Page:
9. 9. attention in the scientific community. The semiconductor industry appears very promising. China is on pace to become the world’s second largest manufacturer within a decade. Goldman appears to have recognized the boom in this industry: the firm has invested nearly $50 million in Semiconductor Manu- facturing Industrial Corp. (SMIC), which has now become one of the leading semiconductor foundries in the world. Goldman Sachs analysts have predicted that this initial investment will double once the company goes public. By investing in this business and other infrastruc- ture businesses, Goldman Sachs has positioned itself to be on the “short list” when it comes to doling out investment banking assignments from these companies. Not only will Goldman Sachs get investment banking and advisory fees from SMIC, it will also enjoy appreciation and gains that the underlying investment will yield. Internet usage is widespread in China. China could soon experience a “dot china” boom, similar to the American version in the late ’90’s. Goldman Sachs’ services have been re- cruited by several Internet companies, most notably Shanda Interactive, an online gaming service, and Baidu.com. Goldman Sachs’ growing experience in handling high-profile Chi- nese Internet IPOs is important to winning future assignments. It will promote Goldman Sachs’ reputation among serious “dot china” companies. Goldman Sachs is able to provide credibility and secure execution in an otherwise un- derdeveloped market. In short, China’s banking industry and market has not kept pace– developmentally or service-wise–with China’s phenomenal growth. Goldman Sachs is a model of the professionalism, discipline, execution and knowledge base that Chinese banks strive to emulate. Goldman Sachs has experience with product innovations and exchanges that are essential to developing world markets. They also bring the promise of management skills and internationally accepted standards of accounting and corporate governance. 9
  10. 10. Threats Threats to Goldman Sachs’ operations in China come in two forms: threats posed by the Chinese government/market, and threats posed by rival investment banks. Of the two, the former is presently more significant. While Goldman Sachs has forged good relations with the Chinese government, the gov- ernment still controls the affairs of business and is not likely to fully relinquish its grip on power and influence in the foreseeable future. Its enforcement has been seen as fickle, and may depend largely on personal connections and influence. Contract enforcement will remain a concern until serious reforms are made by the regime. China’s banking and financial market has been the subject of much scrutiny by foreign investors. Though it is in the process of reform, it is still riddled with corruption, inefficiency, and execution problems. Many banks allegedly lend money based on political clout and influence rather than on financial merit. As a result, China has a staggering non-performing loan problem. This corruption is enabled by China’s inefficient legal system, which has limited experience in modern enforcement of contracts, collateral realization and securities laws. China is currently experiencing a small resurgence in protectionist sentiment, believed by some to be response to CNOOC’s failed Unocal bid and demands to revalue the Yuan. The director of the National Bureau of Statistics has called for measures to curb “hostile takeovers aiming to monopolize the Chinese market.” Intellectual property law is currently underdeveloped. This is a major impediment to the development and production of new technologies and the protection of profits gained from inventions and innovation. Consumer product and industrial piracy is widespread and predictable. While this sector of the law is improving, it is not currently enough to ensure secure business practices with respect to proprietary intellectual property. The domestic Chinese investment banking services market was formed relatively recently. Domestic investment banks do not have the history, clientele, or reputation possessed by 10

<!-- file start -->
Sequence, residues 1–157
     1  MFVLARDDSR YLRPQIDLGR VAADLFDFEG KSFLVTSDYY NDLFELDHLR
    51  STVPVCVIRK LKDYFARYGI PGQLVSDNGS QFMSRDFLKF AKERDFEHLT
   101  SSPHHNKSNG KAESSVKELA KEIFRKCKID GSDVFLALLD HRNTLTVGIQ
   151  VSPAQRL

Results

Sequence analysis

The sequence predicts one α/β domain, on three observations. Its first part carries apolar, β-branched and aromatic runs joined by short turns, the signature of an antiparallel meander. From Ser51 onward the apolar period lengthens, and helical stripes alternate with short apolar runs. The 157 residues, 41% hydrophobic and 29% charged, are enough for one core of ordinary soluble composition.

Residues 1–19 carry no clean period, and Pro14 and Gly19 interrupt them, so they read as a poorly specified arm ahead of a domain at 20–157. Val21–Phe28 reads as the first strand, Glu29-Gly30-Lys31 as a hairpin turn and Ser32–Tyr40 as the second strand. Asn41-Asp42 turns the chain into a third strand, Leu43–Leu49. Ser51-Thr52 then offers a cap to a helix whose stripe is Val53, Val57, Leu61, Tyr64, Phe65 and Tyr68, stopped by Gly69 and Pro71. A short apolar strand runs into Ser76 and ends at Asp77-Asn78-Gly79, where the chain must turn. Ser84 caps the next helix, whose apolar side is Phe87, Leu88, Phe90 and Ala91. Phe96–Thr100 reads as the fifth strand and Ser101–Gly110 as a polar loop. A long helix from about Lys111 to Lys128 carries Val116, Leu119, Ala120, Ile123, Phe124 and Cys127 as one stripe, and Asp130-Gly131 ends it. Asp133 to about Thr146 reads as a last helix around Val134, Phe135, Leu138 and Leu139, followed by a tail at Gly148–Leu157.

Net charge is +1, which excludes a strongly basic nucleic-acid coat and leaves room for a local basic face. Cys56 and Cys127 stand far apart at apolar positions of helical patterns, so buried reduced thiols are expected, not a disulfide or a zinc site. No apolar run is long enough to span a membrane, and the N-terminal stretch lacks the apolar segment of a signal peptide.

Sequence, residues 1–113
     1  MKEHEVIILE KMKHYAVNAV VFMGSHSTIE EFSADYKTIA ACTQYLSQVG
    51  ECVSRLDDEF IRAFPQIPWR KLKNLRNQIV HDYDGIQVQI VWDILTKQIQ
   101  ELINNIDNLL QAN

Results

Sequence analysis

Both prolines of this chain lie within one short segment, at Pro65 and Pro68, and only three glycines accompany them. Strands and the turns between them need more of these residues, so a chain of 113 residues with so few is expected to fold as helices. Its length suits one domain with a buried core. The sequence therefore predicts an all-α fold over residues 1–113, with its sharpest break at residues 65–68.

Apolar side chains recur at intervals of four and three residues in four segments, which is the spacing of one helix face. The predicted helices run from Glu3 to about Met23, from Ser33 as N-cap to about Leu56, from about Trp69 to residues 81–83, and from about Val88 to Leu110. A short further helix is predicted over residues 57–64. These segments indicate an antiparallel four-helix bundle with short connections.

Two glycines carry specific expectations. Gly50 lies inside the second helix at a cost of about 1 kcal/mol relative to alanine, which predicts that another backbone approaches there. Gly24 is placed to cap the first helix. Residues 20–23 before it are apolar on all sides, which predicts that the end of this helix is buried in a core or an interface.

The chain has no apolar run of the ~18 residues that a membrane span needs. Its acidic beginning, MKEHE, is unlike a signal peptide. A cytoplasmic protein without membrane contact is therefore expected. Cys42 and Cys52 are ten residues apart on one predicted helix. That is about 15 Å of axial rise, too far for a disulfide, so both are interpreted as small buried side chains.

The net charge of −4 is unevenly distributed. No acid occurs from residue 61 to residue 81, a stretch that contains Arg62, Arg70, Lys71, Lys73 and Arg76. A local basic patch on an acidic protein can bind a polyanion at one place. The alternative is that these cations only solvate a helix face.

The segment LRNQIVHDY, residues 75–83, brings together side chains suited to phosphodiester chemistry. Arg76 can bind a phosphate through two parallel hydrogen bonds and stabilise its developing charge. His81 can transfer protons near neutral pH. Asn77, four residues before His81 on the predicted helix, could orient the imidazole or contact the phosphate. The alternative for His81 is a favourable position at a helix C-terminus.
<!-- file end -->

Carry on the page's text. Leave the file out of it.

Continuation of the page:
11. 11. Goldman Sachs. Domestic banks typically pay their employees one third of the salaries of similarly ranked staff in foreign firms, making employees easy targets for talent mining by foreign investment banks. There is also a powerful domestic broker/dealer lobby acting as a barrier to foreign entry in the investment banking market. However, Goldman Sachs has already overcome this obstacle with the creation of Goldman Sachs Goa Hua. One of the direct and major competitors to Goldman Sachs’ operations in China is China International Capital Corporation. It has gained experience working on both domestic and international securities offerings and advisory work in the years since its creation in 1995. Many Chinese businessmen believe it to have the best reputation in China’s investment banking market. There is other competition by foreign investment banks in the Chinese market. The Union Bank of Switzerland (UBS) recently announced that it would invest $500 million into Bank of China, and take a 20% stake in Beijing Securities. Last year, the Hong Kong and Shanghai Banking Corporation (HSBC) took a 19.9% stake in the Bank of Communications. Citigroup recently announced that it is leading a consortium to purchase a majority stake in the Guangdong Development Bank. 5 Conclusions Goldman Sachs brings its powerful competitive assets to the Chinese marketplace in the form of its capital, expertise, talent, and reputation. In order to succeed in a variable but expanding Chinese economy, Goldman Sachs must concentrate on key strategic issues. Maintaining a reputation for integrity, security, corporate governance and sound business practices is essential to success. Strong relations with the Chinese government are essential to facilitating Goldman Sachs’ Chinese business strategy. Forming partnerships with influential Chinese businessmen is a good way to gain access to the government and to garner credibility 11